Muppets Most Wanted
Written by James Bobin and Nicholas Stoller
Directed by James Bobin
The Muppets return again with a new adventure that feels strangely familiar. While it is great to see the Muppets actually being the stars of their movies again, Muppets Most Wanted lacks the emotional depth of some of the prior films to focus instead on a heist caper that features an evil twin and Muppets running wild under no supervision. The center core is buried a bit deeper, showing the Muppets can’t really survive on their own as they need Kermit’s guidance to keep them from drowning in their own excess.
In Muppets Most Wanted a new manager – Dominic Badguy – signs with the group and gets them to go on a world tour that suspiciously is happening in towns needed to get pieces for a jewel heist. More importantly, Constantine, the world’s most dangerous frog, has escaped from his Russian gulag and managed to switch places with Kermit, who finds himself incarcerated while Constantine takes the place of our main frog. Hijinks then ensue.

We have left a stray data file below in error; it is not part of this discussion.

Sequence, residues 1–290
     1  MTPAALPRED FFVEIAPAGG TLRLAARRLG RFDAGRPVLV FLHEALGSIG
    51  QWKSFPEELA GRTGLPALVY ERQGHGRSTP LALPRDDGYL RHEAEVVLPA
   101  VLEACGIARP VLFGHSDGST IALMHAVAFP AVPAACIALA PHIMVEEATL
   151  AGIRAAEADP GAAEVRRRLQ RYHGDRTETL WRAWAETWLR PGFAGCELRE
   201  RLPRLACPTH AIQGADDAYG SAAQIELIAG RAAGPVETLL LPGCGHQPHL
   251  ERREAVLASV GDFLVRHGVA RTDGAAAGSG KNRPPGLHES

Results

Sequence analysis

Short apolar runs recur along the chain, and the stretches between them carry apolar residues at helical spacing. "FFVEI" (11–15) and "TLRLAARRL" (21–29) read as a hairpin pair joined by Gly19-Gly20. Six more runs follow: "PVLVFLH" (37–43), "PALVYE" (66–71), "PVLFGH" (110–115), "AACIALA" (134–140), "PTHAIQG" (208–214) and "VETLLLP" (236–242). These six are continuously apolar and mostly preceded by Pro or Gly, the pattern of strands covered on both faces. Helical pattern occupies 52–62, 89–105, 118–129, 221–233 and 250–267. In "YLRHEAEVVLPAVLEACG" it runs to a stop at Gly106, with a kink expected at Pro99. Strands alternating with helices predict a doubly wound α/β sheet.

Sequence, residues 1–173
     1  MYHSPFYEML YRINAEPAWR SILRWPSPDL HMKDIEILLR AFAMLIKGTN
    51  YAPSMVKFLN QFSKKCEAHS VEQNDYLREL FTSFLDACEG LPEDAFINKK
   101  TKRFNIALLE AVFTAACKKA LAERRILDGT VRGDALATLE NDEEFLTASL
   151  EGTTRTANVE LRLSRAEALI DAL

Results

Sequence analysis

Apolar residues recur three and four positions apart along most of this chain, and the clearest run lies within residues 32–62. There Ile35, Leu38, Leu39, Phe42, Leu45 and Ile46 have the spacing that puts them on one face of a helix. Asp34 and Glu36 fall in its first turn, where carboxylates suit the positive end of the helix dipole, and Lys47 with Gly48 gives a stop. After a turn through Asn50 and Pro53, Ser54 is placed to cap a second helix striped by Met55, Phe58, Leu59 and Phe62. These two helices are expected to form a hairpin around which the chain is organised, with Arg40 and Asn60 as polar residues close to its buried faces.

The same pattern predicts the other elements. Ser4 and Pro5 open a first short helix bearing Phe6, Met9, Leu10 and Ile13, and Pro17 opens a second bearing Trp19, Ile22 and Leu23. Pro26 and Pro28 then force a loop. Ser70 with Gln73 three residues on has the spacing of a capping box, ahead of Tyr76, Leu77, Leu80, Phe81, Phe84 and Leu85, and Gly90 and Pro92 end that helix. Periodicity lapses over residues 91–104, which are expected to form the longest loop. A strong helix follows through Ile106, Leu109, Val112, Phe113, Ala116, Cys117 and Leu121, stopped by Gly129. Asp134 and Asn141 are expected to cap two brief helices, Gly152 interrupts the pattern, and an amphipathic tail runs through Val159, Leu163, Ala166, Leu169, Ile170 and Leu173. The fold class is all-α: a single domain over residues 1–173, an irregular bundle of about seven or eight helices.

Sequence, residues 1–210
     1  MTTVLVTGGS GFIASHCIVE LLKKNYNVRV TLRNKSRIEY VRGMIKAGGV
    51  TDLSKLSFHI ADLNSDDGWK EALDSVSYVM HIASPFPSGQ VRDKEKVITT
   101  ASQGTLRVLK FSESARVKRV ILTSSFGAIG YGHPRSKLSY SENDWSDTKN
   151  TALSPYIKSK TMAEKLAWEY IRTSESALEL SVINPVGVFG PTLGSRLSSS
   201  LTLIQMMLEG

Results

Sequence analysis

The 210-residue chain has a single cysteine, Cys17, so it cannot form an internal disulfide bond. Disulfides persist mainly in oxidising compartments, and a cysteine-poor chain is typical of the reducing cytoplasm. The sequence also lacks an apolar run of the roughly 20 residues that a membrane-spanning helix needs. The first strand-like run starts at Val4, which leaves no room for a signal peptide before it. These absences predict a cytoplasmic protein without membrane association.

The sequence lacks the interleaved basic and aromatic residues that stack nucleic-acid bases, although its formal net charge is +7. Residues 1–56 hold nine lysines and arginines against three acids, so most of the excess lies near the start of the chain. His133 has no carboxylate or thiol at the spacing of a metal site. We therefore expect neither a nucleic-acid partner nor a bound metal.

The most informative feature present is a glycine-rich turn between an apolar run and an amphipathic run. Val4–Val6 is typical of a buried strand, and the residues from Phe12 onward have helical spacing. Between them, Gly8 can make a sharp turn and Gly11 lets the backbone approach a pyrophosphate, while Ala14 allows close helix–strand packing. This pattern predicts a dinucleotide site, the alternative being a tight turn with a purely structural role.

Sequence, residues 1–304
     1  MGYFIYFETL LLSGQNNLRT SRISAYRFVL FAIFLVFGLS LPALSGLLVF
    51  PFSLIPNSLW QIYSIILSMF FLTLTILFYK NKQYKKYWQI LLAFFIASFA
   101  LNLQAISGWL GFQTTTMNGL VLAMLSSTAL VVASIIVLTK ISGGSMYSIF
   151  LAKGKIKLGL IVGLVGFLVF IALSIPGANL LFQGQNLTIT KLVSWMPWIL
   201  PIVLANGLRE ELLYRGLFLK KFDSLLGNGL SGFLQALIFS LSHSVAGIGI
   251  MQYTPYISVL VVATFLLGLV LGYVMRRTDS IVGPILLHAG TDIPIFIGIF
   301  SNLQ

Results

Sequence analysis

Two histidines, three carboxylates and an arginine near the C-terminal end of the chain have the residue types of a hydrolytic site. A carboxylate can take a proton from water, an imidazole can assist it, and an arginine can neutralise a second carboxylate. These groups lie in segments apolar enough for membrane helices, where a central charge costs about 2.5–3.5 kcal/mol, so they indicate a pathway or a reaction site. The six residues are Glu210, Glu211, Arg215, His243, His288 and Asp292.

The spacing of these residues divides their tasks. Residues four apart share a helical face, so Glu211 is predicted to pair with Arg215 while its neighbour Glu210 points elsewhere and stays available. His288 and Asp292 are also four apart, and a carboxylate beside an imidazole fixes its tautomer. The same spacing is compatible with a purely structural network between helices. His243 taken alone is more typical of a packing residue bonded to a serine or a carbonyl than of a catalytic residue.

Muppets Most Wanted shines when it’s doing meta-commentary and breaking the never-present fourth wall. It continues literally from the final seconds of The Muppets, complete with Muppet confusion on what to do next. The opening song will go on to be touted as a manifesto for the film itself, and I particularly like the song Constantine sings as an apology to Miss Piggy, because it summarizes his entire allure to the group and why no one seems to notice anything is wrong. Constantine becomes a Satan character, promising the Muppets whatever they want to keep them happy while he and Dominic Badguy plot to steal the crown jewels of England. The various characters take this to extremes, resulting in increasingly bizarre and disastrous acts. Both Constantine and Dominic use unbridled freedom as a weapon and a distraction, but it soon becomes apparent just why oversight and control is needed. At times Muppets Most Wanted turns into Muppets Needful Things, but luckily things get solved for they start getting Stephen King disturbing.